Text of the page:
In his State of the Union speech last night, Donald Trump made a bold promise to end HIV in the US by 2030. Not much is known about his strategy, but a plan to spend the first five years focusing on communities in the 20 states with the most HIV infections is being floated around.
“In recent years we have made remarkable progress in the fight against HIV and AIDS,” Trump said in his speech. “Scientific breakthroughs have brought a once-distant dream within reach. My budget will ask Democrats and Republicans to make the needed commitment to eliminate the HIV epidemic in the United States within 10 years. Together, we will defeat AIDS in America.”
The goal is ambitious but it is achievable if sufficient work is put in. However, many are skeptical about whether the efforts and money needed to take on the challenge will actually be put forward. It could just turn out to be more empty rhetoric from Trump's administration, another lie to add to the over 8,400 lies Trump has told since he took office two years ago.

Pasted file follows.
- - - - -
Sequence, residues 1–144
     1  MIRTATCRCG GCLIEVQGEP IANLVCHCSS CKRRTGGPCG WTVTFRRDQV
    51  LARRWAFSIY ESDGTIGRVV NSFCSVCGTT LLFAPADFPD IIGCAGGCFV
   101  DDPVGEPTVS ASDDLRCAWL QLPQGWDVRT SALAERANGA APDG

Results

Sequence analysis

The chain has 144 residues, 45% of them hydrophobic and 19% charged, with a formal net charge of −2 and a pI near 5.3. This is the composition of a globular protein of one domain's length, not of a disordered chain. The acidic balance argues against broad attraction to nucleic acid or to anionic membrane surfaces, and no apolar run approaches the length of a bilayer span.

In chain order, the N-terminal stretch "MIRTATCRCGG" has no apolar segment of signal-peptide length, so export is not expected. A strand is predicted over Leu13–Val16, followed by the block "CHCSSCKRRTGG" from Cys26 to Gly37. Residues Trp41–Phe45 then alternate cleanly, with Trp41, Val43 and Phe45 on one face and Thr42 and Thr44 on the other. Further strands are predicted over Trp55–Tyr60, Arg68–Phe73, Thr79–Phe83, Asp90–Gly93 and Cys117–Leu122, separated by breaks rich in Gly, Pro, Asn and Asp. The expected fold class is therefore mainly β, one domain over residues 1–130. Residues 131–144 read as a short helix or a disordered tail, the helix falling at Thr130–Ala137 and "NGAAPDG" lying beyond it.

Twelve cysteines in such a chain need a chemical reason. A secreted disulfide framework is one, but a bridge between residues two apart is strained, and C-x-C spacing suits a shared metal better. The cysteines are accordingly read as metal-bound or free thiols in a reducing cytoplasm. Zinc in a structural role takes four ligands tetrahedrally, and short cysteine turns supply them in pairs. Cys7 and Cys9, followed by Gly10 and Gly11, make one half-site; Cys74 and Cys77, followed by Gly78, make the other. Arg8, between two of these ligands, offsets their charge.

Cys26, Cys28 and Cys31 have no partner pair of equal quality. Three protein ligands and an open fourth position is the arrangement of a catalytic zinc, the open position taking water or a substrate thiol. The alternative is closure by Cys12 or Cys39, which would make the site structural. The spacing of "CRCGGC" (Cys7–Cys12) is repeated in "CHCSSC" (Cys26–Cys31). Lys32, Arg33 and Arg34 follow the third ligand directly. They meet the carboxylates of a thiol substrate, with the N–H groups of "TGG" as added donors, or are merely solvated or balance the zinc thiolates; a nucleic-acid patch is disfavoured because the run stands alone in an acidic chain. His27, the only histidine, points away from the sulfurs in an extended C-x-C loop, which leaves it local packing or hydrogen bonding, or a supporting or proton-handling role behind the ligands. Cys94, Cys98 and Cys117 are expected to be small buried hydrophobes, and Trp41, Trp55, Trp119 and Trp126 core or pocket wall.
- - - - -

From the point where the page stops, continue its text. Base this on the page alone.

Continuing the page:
Activists, researchers, and people living with HIV have many reasons not to trust Trump and his administration when it comes to HIV. Trump defunded HIV research, after all. Last February, Trump fired his 16-person HIV/AIDS advisory panel for no reason. The new co-chairs were only sworn in last week and the first meeting won’t be until mid-March. Recently the Fenway Institute published a report lambasting the administration, showing how they constantly, carelessly, and callously failed the most vulnerable LGBTQ+ people living with HIV.
“In 2018 the Trump Administration continued to advance discriminatory policies that undermine the ability of LGBT people to access health care and other services,” the report states. “The Trump Administration promoted religion-based discrimination against LGBT people, eliminated critical nondiscrimination protections, and appointed federal judges who oppose LGBT equality.”
There is also no reason to believe that Vice-President Mike Pence actually has a genuine interest in fighting HIV. While governor of Indiana in 2015, he oversaw cuts to public health funding that led to the state’s worst HIV outbreak ever. He also argued for abstinence-only sex education (not-so-fun fact, it doesn't work!) and has previously supported federal funding for conversion therapy.
In 2014, the Joint United Nations Programme on HIV and AIDS (UNAIDS) proposed the 90-90-90 target. They hope that by 2020, 90 percent of all people living with HIV will know their HIV status, 90 percent of all people diagnosed with an HIV infection will receive sustained antiretroviral therapy, and 90 percent of all people receiving antiretroviral therapy will have viral suppression. This is key to end HIV and, as cities like London have demonstrated, it is achievable.